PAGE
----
One piece of evidence that is often mistakenly emphasized is intentionality. You have likely read a news story on forest carbon projects in which the landowner receiving funds from the project, states they are getting paid to do something they wanted to do anyway. While the story may look like it has presented evidence that proves the project isn’t producing additional carbon, intention does not always equal behavior.
Based on our decades of experience and research at AFF, we know landowners want to do right by their land and many have this desire early on in their forest ownership. For example, in an AFF survey, 86% agreed or strongly agreed that they want their lands to stay wooded.
We also know from research conducted by AFF and the U.S. Forest Service, that most landowners run into roadblocks to being able to fulfill these goals. The most common roadblock to action is cost. The second, is having the technical forestry expertise to know what to do. While landowners want to improve the forest, most cannot afford to do so, nor do they know how.
There is also existing data that shows when landowners cut trees, they overharvest, even though they do not intend to. Typically, an unanticipated financial need arises in their lives that causes them to liquidate their forest assets – the marriage of a child, a tuition payment, a medical procedure. Lacking access to other sources of income, they harvest more than they would have otherwise wanted. This is business-as-usual in most regions of the U.S.
When a landowner signs a contract with the Family Forest Carbon Program, it adjusts their behavior, regardless of their intentions. First, it provides them with a steady source of cash that is not dependent on timber harvesting, reducing the need for them to harvest. Second, it legally obligates them to follow specific management guidelines for a determined period of time, with penalties for non-compliance. Both of these adjustments contribute to additional carbon stored and sequestered in forest ecosystems.
So rather, in that news article, when a landowner says they would have done something anyways, they mean, I intended to do this anyway, but the financial resources and technical assistance of the program, helped me complete the action I desired.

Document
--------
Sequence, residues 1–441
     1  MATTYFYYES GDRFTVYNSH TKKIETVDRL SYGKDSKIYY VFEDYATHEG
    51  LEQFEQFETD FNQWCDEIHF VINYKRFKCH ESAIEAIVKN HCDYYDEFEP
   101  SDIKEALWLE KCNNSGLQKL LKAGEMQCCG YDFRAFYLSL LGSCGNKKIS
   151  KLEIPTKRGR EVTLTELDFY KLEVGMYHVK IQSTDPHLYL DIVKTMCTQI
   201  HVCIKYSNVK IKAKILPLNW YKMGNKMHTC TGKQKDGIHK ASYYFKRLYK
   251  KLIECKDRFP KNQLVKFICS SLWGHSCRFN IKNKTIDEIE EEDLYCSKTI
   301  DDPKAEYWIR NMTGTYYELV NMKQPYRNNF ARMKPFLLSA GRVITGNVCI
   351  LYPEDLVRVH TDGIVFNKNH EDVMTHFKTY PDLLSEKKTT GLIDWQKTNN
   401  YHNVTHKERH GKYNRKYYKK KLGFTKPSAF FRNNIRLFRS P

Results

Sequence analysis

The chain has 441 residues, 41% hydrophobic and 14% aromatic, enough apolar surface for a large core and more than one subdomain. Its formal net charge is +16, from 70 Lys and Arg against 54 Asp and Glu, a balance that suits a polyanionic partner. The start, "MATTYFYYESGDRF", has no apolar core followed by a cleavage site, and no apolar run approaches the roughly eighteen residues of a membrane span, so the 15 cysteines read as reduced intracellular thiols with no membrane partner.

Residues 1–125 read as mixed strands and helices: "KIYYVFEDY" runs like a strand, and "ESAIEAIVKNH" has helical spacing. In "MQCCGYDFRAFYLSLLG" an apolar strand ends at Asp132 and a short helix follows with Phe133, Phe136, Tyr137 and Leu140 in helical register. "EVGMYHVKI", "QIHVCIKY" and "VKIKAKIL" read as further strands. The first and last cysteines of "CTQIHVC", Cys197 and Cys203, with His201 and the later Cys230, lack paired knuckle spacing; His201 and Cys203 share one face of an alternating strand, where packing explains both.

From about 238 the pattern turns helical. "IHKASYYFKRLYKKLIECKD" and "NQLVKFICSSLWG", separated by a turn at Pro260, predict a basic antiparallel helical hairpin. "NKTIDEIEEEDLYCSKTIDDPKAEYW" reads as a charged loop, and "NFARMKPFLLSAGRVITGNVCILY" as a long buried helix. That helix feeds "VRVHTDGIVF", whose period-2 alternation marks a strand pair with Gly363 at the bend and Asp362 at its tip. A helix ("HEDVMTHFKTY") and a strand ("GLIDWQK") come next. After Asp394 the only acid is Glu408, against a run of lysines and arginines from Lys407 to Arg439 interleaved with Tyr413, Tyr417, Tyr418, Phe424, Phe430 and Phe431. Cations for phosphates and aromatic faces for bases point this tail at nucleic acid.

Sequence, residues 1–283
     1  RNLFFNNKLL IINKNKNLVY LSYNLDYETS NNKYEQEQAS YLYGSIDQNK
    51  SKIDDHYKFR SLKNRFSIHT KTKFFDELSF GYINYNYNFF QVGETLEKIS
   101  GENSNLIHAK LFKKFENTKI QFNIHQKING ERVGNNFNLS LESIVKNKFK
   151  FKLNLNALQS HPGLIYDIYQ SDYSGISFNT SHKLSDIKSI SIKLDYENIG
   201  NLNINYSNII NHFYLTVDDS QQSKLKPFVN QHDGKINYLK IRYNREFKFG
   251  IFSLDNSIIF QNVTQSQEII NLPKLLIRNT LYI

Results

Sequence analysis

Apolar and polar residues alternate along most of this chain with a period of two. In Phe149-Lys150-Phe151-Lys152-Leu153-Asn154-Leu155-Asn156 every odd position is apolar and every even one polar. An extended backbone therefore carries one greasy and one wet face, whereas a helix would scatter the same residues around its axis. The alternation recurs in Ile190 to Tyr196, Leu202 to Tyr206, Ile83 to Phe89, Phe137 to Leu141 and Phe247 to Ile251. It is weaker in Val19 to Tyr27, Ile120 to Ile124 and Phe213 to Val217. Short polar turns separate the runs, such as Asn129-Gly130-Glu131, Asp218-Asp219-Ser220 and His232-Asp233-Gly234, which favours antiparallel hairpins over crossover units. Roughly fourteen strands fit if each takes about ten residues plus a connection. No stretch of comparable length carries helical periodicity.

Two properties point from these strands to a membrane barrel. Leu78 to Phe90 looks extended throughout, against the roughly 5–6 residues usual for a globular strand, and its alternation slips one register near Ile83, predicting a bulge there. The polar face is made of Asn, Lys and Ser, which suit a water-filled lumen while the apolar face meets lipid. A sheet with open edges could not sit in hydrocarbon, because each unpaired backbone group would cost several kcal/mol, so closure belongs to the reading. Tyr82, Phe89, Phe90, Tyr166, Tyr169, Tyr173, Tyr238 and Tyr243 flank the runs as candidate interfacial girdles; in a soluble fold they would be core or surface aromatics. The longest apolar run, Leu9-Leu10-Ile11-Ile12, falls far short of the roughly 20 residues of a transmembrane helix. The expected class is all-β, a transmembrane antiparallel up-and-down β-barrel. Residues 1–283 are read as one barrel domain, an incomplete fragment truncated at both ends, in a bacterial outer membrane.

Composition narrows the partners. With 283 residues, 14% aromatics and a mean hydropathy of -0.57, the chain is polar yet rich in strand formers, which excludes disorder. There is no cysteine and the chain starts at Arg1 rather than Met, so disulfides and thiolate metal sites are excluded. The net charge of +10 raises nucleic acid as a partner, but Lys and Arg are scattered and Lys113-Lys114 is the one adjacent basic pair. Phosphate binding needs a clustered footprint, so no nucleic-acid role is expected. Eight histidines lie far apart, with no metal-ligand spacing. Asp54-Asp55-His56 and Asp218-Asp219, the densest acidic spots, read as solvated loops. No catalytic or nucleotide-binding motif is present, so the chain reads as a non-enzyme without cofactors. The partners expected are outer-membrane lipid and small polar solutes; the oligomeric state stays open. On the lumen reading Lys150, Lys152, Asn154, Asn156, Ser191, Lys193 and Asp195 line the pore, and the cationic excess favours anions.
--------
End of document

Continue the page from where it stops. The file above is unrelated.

All of this evidence and data surrounding additionality has influenced how we have built the Family Forest Carbon Program, most specifically within our program design.
It has also influenced our approach to our carbon methodology, where we are working to advance the integrity of a carbon credit. This methodology is in the final stages of approval through Verra’s Verified Carbon Standard.
Stay tuned for the next piece in this series on creating a true carbon benefit - specifically on baselines.
Interested in learning more about the Family Forest Carbon Program? If you are a forest owner interested in the program, visit our landowner portal. If you are interested in certified carbon credits as part of your corporate climate strategy, please reach out to John Ringer, Director of Carbon Market Development at AFF.
Read AFF's next piece in this series on creating a true carbon benefit - specifically on baselines.
May 26, 2021
Determining a True Carbon Benefit Part 2: Baselines
The Family Forest Carbon Program has created a new methodology, including an innovative approach to setting a baseline, similar to what is done in medical trials.
September 2, 2021
Determining a True Carbon Benefit Part 3: From Intention to Action
When measuring additionality many carbon projects ask, “Is the carbon generated from a forest carbon project because of the project or would it have happened absent the particular project or intervention?” While intention does play a role, it is often misinterpreted by those unfamiliar with the needs and behaviors of forest owners. Rather, to create a true carbon impact, a forest carbon project should factor intention into program design, yet measure real-life behavior.
December 2, 2021
Determining a True Carbon Benefit Part 4: Permanence
An important step to ensuring that a carbon benefit is valid is if it stands the test of time. This is called permanence, which is defined as ‘the longevity of the carbon benefit of at least 100 years.’ The Family Forest Carbon Program is working to ensure the permanence of our carbon benefit.